The Milonguero Turn
The Milonguero Turn is a very useful piece of tango vocabulary and yet it is almost never taught anymore, sadly. It has been supplanted by its sexier kissin’ cousin, the Follower’s Molinete. Put simply, when you really stop and think about the Milonguero Turn, is nothing more than a backcross, a side step, and a forward cross (from the Follower’s perspective). This isn’t rocket science, it’s Argentine Tango, and as such there’s not a whole lot of complexity to this particular well worn, and exceedingly useful, but highly underrated Tango vocabulary. The fact is that this was the predominant turn for almost 70 years before Gustavo Naveira came along and changed everything with the sexier Follower’s Molinete, so the story goes. So without further yapping, let’s dive into The Milonguero Turn!
What is A Milonguero Turn ? First let’s define the words there, as they require a bit of clarity. ‘Milonguero’ is yet another made up word used for marketing purposes that is a bastardization of the true meaning of the word itself. A ‘Milonguero’ is someone who was raised in the milongas, they would pick up discarded tickets to get into the milongas to then watch how people danced and then emulate that so that they could then dance with the pretty girls. This all happened in a 25 year time period from about 1930 to about 1955. If you were born in that time period and ran with this crowd of dancers, then you could rightfully (and distastefully, because it was a term of disparagement in those days) be called a ‘Milonguero’. There are very few of these men left in the world. Very few.
These men didn’t take classes. They didn’t go to special Tango schools. No. They didn’t have the money. They learned on the floor while watching other people dance, and deconstructed what they saw. They then tried to one-up each other, trying to outdo each other with tricks and what not. While the game was certainly about getting the girl, it was also about showing off. In a lot of ways, the Milongueros of yesteryear bears a striking resemblance to the forerunners of modern hip-hop, minus the gang mentality. This is a ‘Milonguero’.
The term, so the story goes, was developed as a marketing tool, as a way to describe what one specific teacher saw in the clubs and milongas of Buenos Aires. This was called ‘Milonguero Style’ dancing.
A Milonguero Turn, on the other hand, is representative of the type of turn that existed prior to Gustavo Naveira (re)discovering the Follower’s Molinete. Again, so the story goes.
In it’s simplest form, the Milonguero Turn is where the Lead or Follower, typically the Follower, is led to a clean back-crossing step, an arced side step, and then a clean forward cross. The cleanliness of the crossing steps is noted elsewhere on tango topics, known as the “Dirty Cross“. The Milonguero Turn is one of the easiest of turns to accomplish with regards to Argentine Tango for a variety of reasons, most notably because there is no hip rotation for the partner that is performing the turn, there is no ‘pivot’, nor is there any Disassociation or Applied Disassociation. The turn allows of the couple to stay with each other and also allows for an easeful experience vs. the Follower’s Molinete that is the default turn today. And last but not least, it allows for the partnership to stay facing each other, while at the same time not expending a great deal of energy to ‘turn’ whereas the Follower’s Molinete does precisely that. While the Milonguero Turn is not sexy, it is in our estimation the more desirable and elegant turns. It is, however, easy to see why it was abandoned in favor of its sexier cousin. That said, don’t discard it simply because it’s not sexy, use it because it is insanely functional!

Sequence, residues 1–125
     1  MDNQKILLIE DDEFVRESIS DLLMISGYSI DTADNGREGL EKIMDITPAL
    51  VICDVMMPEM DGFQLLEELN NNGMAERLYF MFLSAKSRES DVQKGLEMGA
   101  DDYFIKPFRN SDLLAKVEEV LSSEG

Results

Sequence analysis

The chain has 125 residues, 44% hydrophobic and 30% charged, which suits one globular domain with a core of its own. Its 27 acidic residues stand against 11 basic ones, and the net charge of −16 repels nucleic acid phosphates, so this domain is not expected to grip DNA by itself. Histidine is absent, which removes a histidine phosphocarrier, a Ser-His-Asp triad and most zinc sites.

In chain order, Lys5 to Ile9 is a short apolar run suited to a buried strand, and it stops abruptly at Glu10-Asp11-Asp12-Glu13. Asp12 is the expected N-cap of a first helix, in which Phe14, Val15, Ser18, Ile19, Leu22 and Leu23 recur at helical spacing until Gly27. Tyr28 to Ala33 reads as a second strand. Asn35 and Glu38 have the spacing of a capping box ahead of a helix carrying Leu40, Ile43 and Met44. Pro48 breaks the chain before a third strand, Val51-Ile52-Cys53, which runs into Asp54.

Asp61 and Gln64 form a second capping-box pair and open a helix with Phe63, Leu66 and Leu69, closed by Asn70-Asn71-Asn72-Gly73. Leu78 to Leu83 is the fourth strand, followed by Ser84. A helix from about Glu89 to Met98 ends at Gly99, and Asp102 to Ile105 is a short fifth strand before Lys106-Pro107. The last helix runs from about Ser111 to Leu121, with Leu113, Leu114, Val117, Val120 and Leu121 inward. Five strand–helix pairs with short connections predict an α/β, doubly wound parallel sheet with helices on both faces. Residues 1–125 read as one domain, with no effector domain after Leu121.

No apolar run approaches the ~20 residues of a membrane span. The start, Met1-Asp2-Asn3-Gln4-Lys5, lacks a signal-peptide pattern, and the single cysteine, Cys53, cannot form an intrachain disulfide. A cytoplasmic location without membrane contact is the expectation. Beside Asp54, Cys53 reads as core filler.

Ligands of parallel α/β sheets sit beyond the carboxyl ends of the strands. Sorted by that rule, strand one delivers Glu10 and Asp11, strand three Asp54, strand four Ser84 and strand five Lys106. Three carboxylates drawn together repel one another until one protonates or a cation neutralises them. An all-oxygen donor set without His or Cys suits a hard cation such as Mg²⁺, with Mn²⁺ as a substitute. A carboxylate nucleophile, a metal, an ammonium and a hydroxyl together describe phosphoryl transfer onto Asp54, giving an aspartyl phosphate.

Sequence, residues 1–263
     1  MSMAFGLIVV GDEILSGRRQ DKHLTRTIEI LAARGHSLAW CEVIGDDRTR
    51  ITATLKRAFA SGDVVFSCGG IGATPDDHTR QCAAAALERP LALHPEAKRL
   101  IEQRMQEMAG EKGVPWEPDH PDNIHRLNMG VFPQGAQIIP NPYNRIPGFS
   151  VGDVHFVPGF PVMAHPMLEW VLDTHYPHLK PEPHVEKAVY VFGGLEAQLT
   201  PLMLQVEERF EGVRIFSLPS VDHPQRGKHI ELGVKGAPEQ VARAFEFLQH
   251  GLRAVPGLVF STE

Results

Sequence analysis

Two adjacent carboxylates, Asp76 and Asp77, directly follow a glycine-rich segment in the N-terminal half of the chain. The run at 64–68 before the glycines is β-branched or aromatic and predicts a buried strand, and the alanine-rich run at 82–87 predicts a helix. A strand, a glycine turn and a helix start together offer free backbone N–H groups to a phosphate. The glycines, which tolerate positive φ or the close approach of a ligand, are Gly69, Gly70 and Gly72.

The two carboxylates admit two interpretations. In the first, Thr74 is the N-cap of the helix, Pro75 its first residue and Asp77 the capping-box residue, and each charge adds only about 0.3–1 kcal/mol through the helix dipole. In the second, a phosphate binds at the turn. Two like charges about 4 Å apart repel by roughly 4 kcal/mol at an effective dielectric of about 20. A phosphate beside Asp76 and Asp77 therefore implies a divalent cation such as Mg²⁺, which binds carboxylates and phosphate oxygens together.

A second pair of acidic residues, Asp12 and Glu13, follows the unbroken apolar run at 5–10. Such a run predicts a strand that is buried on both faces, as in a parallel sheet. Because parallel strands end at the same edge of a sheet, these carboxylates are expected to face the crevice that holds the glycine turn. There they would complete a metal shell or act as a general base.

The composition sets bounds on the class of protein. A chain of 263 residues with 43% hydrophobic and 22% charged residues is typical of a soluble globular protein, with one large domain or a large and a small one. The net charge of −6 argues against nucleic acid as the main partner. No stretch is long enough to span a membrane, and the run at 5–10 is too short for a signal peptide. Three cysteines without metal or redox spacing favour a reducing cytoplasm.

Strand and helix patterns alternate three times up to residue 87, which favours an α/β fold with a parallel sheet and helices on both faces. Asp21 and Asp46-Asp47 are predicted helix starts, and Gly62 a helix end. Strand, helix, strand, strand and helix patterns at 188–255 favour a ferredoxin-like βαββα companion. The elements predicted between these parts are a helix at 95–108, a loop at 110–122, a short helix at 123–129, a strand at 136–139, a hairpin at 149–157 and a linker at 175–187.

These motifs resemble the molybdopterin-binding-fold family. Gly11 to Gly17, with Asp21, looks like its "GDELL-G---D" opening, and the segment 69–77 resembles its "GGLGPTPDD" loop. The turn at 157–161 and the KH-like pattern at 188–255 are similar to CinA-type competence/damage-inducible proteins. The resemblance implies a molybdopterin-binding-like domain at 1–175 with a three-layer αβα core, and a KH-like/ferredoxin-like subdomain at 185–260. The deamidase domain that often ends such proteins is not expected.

Difficulty Rating: (2.5 / 5)
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The Reality of WHY You Need This: There are many moves, steps, patterns, and figures to Argentine Tango that are really cool. What you may not realize is that most of that stuff is ‘fluff’, they’re nice to have, they’re nice to know, but honestly, you’re not going to use them that often! Mind you this is one side of the argument. This ain’t that! This piece is one of the more venerable selections of Argentine Tango that you will use frequently like Walking, Milonguero Ochos/Milonguero Turns, The Follower’s Molinete/Traveling Ochos, or The Argentine Cross. Tango Topics take this stuff very seriously, and we say that because we use this stuff ALL – THE – TIME! Our case is that you need this stuff because > This is all about foundation, or one of the Seven Foundation Steps that we use all the time to create the dance that we know as Argentine Tango. That’s why! 🙂 That said, you do actually need to watch this stuff. You can learn what you need from this video and then apply it. No lie. No gimmick. As always YMMV and to remember that the video itself is only a stepping stone! You will need some private lessons to go along with it to get the ‘feel’ of things. That is the reality of WHY you need this stuff. So subscribing for a few months to TangoTopics to get what we’re on about wouldn’t kill you. Further, it would probably help to hear another person saying what your current tango teacher has been saying all along. Think of this stuff as one more reminder that you absolutely need to hear.
About The Video. This video comes in at 07m:10s in length in 7 Sections. Both lead and follow technique are combined into the video.
Section 1 – Introduction – 00:00:25
Section 2 – Lead The Backcross – 00:02:41
Section 3 – Follower Technique – 00:00:55
Section 4 – Lead Details – 00:00:38
Section 5 – Follower’s Big Side Step – 00:00:40
Section 6 – Lead Footwork – 00:00:30
Section 7 -Example/End – 00:00:47
Related Videos Mentioned In This Article:
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